Brazil bans smoking in public spaces

Brazil’s president has signed a law that bans smoking in enclosed public places nationwide.

The U.S.-based anti-smoking group Campaign for Tobacco-Free Kids calls it a historic measure. The groups says Brazil, with its 190 million people, is now the largest nation to go completely smoke free for enclosed public and work spaces.

Smoking ban

Cigarette on the hook

Smoking bans were already in place in Sao Paulo, Rio de Janeiro and other big Brazilian cities.

The law, which has been signed by the Brazilian president Dilma Rousseff, bans smoking even in venues dedicated to smoking at airports, malls and businesses.

Brazil’s ministry of health has stated that smoking will be treated as a form of drug addiction with services to support those who want to stop smoking.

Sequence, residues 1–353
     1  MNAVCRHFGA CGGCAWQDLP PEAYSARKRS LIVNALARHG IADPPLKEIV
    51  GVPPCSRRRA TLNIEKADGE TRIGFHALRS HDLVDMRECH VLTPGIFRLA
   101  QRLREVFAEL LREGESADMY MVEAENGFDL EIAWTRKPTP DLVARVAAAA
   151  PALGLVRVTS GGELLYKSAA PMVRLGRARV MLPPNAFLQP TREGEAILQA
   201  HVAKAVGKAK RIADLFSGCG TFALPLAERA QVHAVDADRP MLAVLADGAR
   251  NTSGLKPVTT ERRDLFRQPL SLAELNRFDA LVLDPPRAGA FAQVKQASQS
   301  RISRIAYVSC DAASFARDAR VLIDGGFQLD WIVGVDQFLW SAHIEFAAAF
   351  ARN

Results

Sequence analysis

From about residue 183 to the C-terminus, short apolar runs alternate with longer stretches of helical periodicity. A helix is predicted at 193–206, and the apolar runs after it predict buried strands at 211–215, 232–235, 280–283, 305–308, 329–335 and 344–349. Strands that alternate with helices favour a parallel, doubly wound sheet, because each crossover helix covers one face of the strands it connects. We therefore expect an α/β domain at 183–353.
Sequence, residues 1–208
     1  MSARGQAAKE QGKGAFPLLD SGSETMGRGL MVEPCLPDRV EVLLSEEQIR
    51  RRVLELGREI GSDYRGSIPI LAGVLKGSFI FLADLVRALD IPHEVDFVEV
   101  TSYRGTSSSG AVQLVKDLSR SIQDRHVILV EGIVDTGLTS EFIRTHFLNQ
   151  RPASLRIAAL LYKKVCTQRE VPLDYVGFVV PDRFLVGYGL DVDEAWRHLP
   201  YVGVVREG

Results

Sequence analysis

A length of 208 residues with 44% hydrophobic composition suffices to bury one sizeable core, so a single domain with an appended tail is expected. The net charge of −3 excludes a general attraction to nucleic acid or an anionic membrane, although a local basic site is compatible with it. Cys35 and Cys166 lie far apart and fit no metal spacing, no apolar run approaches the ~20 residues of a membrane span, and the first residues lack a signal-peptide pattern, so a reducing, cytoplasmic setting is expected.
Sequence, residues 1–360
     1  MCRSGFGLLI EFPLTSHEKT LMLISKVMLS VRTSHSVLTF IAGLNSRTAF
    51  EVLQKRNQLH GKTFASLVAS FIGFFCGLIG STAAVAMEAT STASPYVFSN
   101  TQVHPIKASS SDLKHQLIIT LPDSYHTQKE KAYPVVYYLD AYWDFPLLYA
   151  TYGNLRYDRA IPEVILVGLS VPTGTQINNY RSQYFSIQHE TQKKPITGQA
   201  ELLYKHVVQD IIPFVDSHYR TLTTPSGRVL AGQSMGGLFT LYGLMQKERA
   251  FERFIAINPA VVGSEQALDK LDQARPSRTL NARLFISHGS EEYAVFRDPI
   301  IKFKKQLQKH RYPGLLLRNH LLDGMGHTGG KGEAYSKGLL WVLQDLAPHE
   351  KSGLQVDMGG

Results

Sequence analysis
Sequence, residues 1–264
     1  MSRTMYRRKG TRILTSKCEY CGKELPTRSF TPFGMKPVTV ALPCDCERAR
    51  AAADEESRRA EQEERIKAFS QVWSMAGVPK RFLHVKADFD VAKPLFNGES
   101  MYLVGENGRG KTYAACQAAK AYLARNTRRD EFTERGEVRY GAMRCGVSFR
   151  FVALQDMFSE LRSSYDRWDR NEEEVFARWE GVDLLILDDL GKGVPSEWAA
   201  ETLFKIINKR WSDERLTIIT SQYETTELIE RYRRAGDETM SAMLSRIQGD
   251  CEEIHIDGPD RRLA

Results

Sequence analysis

According to the new law, tobacco advertising is also banned and a new format for cigarette packaging has been introduced, with pricing on one side and a warning message about the dangers of smoking on the other.

However, the owners of restaurants and their customers are concerned about the ban imposed on smoking in private places.

“It is very embarrassing to be asked to stand on the sidewalk in order to smoke. Until now, there was a proper place to smoke but now I have to find a place in order to smoke,” a restaurant customer told Press TV.

Despite a reduction of 35% in the number of smokers in the Latin American country from 1990 to 2010, the reduction was not the same among young people, especially those with lower income and less than eight years of education.

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